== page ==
Local officials are urging the federal government to put staff in Juneau to provide citizenship and immigration services.
The new Department of Homeland Security absorbed the Immigration and Naturalization Service on March 1, splitting its duties among three new bureaus. The switch has brought concerns that Juneau residents might need to travel to Anchorage for immigration and citizenship services, according to a resolution approved by the Juneau Assembly last week.
Bernadette Nocerino-Doody, interim district director of the Bureau of Citizenship and Immigration Services in Anchorage, said nothing has changed for now.
"We may try to get another position in the field to accomplish what we need to serve the public," she said. "Right now, we're in the status quo, doing exactly what we have in the past until the classification of the positions have changed out."
Gary Staebell, an inspector with the new Bureau of Customs and Border Protection in Juneau, said local services remain the same.
"Right now nothing has changed except the way we answer the phone," he said. "People can still come in here for all the services they had in the past."
The Bureau of Citizenship and Immigration Services handles citizenship cases, makes adjustments to people's immigration status and has employment authorization documents, which allow people to work while a case is pending, Nocerino-Doody said.
Such services have been provided by Immigration and Naturalization Services staff in Juneau who had other duties, and staff who traveled from Anchorage or Ketchikan periodically, Nocerino-Doody said. Current plans call for Anchorage staff to travel to Juneau, although the bureau should know more by this summer, she said.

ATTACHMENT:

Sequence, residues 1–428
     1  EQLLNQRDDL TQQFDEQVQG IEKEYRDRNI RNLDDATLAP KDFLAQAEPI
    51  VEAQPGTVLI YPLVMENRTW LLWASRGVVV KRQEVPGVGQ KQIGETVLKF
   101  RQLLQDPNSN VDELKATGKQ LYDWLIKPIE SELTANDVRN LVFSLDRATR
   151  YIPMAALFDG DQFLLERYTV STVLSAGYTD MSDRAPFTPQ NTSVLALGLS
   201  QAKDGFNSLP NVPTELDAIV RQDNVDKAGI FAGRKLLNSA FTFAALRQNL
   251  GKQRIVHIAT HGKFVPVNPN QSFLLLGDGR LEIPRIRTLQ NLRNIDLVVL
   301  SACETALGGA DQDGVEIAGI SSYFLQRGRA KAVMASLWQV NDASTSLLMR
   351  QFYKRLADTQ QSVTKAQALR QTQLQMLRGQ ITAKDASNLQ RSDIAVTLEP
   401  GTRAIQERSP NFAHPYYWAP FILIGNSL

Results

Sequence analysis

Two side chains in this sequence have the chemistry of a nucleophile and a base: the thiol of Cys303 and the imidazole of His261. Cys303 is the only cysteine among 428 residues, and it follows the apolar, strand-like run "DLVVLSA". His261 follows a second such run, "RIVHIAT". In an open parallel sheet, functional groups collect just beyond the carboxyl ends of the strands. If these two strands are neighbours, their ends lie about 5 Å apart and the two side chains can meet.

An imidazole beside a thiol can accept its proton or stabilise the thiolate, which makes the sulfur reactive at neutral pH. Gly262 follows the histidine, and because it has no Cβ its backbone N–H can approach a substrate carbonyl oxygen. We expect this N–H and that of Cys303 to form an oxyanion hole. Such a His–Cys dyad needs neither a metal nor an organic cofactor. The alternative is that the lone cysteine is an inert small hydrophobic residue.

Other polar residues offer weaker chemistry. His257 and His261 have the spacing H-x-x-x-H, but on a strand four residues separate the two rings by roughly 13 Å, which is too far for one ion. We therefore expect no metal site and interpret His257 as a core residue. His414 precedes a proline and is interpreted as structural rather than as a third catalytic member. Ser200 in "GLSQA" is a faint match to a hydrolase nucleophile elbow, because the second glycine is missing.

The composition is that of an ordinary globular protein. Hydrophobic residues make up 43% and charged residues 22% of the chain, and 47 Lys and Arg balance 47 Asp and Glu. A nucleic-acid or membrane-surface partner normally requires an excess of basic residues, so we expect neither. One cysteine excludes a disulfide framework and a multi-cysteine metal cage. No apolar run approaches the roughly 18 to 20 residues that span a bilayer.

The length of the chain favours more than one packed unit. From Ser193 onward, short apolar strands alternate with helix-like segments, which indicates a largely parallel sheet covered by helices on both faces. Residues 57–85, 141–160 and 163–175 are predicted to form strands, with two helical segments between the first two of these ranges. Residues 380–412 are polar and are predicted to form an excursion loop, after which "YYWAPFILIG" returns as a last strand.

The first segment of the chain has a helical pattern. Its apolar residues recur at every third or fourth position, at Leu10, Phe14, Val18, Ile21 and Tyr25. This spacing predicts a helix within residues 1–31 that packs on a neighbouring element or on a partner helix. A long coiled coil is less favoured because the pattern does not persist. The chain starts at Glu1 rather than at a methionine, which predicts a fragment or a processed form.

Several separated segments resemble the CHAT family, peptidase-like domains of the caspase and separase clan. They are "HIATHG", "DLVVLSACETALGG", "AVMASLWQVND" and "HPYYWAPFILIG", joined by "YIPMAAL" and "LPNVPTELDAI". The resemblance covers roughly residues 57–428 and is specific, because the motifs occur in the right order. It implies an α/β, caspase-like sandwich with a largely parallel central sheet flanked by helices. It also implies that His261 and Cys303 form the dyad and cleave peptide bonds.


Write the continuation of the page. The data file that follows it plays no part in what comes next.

"In Alaska, we're territory large and staff short," she said. "If we can add people to the field we will try to. We hope to get positions for Ketchikan, Juneau and Kodiak."
The Juneau Assembly has urged the Department of Homeland Security to assign a staff member in Juneau to deal with citizenship and immigration services. People who move to Juneau from the Philippines, Mexico and other countries need the bureau's help, the Assembly's resolution said.
Permanent staff "is clearly needed in Juneau to provide a reasonable level of service, and regular temporary staffing is needed to provide minimal service," said the resolution, which was requested by Assembly member Ken Koelsch, who works for the Bureau of Customs and Border Protection.
The Bureau of Citizenship and Immigration Services also arranges naturalization ceremonies for new citizens. More than 40 people likely will attend the next ceremony in Juneau on May 16, Nocerino-Doody said. People were told they could go to Anchorage if they didn't want to wait, she said.
"We always go to Juneau and do the ceremony," she said.
Some changes already are visible. Robin Bronen, program director for Immigration and Refugees Services at Catholic Social Services in Anchorage, said signs at the old INS office in Anchorage tell people immigration forms aren't available.
Bronen, who travels to Juneau four times a year to work with clients, also questions the concept of having one person conduct investigations and provide immigration services in remote Alaska locations.
"A significant reason for disbanding of INS was because Congress didn't want both (functions) housed in one agency or one person," she said. "People may go there seeking assistance and end up deported."
Joanna Markell can be reached at firstname.lastname@example.org.
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